“Hawkeye” Episode 3 Tells Echo’s Side Of The Story


Of the few people who are actually talking about Hawkeye and making their opinions known on what is potentially the least-watched live-action Marvel Disney+ show yet, it seems from social media that most are just sticking around to witness the return of Vincent D’Onofrio as Wilson Fisk, better known by his supervillain alias, Kingpin. And after Hawkeye‘s third episode debuted yesterday, the series may have just ensured that Kingpin will continue to overshadow the rest of the story, much like how the character looms over everyone thanks to his impressive 6’7″ stature.

Echo | epicstream.com

And mind you, all we see of Kingpin in episode three, in the roughly five seconds that he’s onscreen, is one of his hands, and a little bit of his suit. We hear him chuckle, but he doesn’t actually say a word to confirm that Vincent D’Onofrio is back in the iconic role. I’m excited to see Kingpin, don’t get me wrong, but it’s slightly frustrating that in five seconds he managed to pull focus away from everything else that happened in this episode, including our official introduction to Hawkeye‘s primary villain for the moment – Echo (Alaqua Cox).

To some degree, that’s on head writer Jonathan Igla and directors Bert & Bertie for not giving Cox’s adult version of Echo a standout action sequence or emotional beat, even though there were plenty of opportunities to blow audiences away on both counts. Her child version, played by Darnell Besaw, has one brief fight at a karate class that translates her photographic reflexes from page to screen, but while promising, we have yet to see Cox’s Echo utilize those abilities again. And her final scene with her father, who famously dies in the comics leaving a bloody handprint on Echo’s face, is significantly less impactful when Disney shies away from showing much blood.

But at the same time, it’s worth noting that MCU stans will find a way to overshadow Echo no matter what. Even when it was revealed that she would become the first Marvel character introduced on Disney+ to receive their own spinoff, all that anyone could talk about was how Kingpin and Daredevil could use Echo’s show as an arena in which to continue their conflict from the Netflix Daredevil series, as if Echo doesn’t have any stories worth telling from her own viewpoint.

And that’s a shame, because Echo happens to be a fascinating character, and Alaqua Cox in her debut performance brings a commanding presence to the role. A deaf Native American woman (and in the MCU, an amputee like Cox), left in the care of Kingpin after her father’s murder, Echo in the comics has a reputation as one of the most formidable street-level antiheroes in the global criminal underworld. There’s already so much going on with her in this episode that Hawkeye doesn’t even have time to reference the fact that in the comics, Echo was the original Ronin before Clint Barton (Jeremy Renner) took on the mantle.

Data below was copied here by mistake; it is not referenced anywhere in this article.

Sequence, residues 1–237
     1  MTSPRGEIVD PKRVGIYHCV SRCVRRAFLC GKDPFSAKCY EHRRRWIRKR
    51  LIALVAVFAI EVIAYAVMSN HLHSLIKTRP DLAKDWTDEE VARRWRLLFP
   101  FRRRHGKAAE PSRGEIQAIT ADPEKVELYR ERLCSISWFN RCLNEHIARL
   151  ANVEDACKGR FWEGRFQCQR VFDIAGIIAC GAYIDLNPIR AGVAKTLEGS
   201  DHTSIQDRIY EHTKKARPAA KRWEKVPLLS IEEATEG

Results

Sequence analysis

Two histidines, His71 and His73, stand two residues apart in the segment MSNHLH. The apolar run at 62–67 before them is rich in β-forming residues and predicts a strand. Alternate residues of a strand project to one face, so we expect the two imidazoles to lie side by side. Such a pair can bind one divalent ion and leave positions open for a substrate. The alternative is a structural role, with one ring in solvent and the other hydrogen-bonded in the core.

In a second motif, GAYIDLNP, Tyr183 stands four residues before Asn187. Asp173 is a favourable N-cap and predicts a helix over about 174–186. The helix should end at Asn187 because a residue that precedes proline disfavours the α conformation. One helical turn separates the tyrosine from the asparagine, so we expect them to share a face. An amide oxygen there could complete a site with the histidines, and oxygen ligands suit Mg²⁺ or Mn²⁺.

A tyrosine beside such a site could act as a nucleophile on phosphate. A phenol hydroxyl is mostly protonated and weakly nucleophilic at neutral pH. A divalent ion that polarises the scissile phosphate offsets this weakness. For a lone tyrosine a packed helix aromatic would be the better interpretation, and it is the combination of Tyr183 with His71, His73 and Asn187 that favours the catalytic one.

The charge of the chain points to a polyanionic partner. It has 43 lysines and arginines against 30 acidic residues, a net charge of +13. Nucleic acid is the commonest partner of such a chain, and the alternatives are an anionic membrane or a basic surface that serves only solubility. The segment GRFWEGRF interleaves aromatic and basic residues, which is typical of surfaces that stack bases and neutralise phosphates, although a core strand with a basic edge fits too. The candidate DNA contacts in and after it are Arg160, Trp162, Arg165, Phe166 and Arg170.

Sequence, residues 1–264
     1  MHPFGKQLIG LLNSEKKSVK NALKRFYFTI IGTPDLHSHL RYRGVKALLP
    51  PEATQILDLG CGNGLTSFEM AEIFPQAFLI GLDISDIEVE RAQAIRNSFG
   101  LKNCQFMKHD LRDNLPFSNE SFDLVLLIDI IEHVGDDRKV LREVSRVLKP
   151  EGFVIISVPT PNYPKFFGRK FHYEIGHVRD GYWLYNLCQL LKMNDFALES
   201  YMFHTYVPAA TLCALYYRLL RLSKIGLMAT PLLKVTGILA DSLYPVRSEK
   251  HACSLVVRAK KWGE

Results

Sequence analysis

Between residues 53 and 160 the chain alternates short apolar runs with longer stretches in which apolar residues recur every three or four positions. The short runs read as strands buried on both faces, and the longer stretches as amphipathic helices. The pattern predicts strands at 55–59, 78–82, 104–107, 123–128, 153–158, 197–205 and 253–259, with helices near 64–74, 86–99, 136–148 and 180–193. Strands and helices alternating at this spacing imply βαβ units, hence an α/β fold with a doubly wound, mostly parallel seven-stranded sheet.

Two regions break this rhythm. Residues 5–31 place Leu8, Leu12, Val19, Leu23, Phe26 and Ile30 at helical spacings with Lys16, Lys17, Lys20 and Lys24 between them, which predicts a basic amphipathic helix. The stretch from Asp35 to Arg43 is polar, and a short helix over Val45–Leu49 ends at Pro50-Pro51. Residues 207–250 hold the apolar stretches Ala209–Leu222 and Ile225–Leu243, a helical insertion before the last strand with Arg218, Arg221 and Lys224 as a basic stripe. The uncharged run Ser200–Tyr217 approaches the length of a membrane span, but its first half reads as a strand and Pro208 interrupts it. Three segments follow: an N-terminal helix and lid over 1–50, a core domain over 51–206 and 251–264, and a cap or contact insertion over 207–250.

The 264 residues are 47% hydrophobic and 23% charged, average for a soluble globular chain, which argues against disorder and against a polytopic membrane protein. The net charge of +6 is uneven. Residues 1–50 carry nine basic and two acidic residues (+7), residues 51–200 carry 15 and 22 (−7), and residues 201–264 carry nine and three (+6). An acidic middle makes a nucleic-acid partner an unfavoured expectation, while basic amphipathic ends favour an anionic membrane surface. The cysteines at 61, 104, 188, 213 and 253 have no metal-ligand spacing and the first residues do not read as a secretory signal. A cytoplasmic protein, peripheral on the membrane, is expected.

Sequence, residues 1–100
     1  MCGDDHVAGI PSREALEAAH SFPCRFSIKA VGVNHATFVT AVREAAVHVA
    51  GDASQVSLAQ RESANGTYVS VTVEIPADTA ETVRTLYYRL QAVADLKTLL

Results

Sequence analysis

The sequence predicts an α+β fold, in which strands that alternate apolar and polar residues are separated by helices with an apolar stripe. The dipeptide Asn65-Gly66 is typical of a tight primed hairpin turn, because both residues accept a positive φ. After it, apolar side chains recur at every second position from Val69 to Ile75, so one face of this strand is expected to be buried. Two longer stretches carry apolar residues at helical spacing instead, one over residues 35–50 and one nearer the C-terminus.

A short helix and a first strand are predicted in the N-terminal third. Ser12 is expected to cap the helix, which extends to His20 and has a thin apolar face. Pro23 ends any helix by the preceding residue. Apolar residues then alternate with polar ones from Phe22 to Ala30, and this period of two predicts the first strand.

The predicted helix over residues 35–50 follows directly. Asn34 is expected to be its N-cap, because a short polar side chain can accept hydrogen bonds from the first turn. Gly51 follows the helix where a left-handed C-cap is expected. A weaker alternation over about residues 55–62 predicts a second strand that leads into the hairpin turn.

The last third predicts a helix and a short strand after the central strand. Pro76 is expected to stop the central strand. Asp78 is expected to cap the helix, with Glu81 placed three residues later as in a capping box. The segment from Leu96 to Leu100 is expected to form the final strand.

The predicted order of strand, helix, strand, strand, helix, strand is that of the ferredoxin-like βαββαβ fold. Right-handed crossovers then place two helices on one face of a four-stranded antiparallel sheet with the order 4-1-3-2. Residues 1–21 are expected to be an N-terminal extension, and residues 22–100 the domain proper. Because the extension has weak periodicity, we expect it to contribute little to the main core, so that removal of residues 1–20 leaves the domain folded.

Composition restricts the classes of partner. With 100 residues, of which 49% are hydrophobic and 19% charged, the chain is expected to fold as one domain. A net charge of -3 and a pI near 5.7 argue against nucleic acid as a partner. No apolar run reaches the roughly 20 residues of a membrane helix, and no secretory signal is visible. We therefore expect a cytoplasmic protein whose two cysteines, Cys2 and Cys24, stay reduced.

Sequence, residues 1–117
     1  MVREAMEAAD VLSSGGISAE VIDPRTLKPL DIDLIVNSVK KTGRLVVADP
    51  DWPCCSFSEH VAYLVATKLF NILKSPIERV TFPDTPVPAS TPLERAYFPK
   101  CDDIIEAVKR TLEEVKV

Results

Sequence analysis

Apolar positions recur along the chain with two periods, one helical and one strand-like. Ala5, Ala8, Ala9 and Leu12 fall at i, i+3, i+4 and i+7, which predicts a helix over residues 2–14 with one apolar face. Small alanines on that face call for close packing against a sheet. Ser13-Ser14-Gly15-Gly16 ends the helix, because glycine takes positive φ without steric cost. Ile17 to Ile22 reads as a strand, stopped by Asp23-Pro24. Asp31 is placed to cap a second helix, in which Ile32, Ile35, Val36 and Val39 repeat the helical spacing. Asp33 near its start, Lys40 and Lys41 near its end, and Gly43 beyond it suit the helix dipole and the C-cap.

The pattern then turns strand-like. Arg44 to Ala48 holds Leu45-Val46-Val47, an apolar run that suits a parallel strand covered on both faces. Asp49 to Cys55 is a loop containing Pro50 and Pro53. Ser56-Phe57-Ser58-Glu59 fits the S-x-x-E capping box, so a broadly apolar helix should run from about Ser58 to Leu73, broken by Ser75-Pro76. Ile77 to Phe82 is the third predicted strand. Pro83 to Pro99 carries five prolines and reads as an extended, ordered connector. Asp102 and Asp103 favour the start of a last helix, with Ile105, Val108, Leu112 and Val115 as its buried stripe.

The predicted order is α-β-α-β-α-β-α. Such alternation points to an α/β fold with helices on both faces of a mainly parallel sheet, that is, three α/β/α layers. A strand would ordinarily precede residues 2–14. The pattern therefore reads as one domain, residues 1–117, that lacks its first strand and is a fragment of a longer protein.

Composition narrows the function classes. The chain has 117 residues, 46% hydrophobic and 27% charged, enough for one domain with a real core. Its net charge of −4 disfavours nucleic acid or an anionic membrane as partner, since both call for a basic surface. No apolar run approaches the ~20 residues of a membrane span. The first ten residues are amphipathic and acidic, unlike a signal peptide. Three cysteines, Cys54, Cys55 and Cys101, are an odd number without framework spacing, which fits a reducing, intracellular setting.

Nonetheless, the two characters still have a very intriguing dynamic in the MCU. There’s a somewhat generic revenge storyline going on, with Echo under the (most likely false) impression that Clint as Ronin murdered her father, but what’s most compelling about their relationship to each other is how they interact as two characters with hearing disabilities. Hawkeye depicts a range of experiences through Echo, the MCU’s second deaf character after Lauren Ridloff’s Makkari in Eternals, and Clint, who has partial hearing loss.

Clint, Kate, and Lucky the Pizza Dog | denofgeek.com

This includes depicting the stark differences between the two, as well as the similarities. Echo uses sign language and as a child had to rely on lipreading because she wasn’t able to attend a deaf school, while Clint is still in the process of learning sign language and can’t hold a full conversation with Echo without the help of a translator using simultaneous communication (or SimCom), a controversial method where one signs and speaks at the same time, sometimes to the detriment of both languages but particularly to the signed language because the speaker is often a hearing person who mentally prioritizes their spoken language even while using SimCom.

I have not been able to find any articles specifically regarding the use of SimCom in Hawkeye, and thus it would be impossible for me to say as a hearing person who doesn’t speak any sign languages whether the SimCom in the show is accurate and intelligible. But something that I have seen others address, and that I noted myself while watching this episode of Hawkeye, is that the way shots are framed, the characters’ hands are often out of frame while they’re signing. It might seem like a small thing to some, but it also demonstrates why representation can’t stop at onscreen visibility. It takes a diverse team behind the camera to make sure that visibility is…well, visible.

I do appreciate, however, that Hawkeye actually utilizes its diversity for more than just surface-level visibility; Clint and Echo’s disabilities are an integral part of both their characters, and in this episode at least both deal with unique situations and challenges that arise because of their disabilities. At one point, Clint’s hearing-aid gets smashed under Echo’s boot during a fight, which in turn requires him and Kate Bishop (Hailee Steinfeld) to work together more closely, culminating in a scene where she helps him through an abrupt phone call from his son. It’s strongly reminiscent of a scene in The Umbrella Academy‘s season one finale, but still poignant and powerful.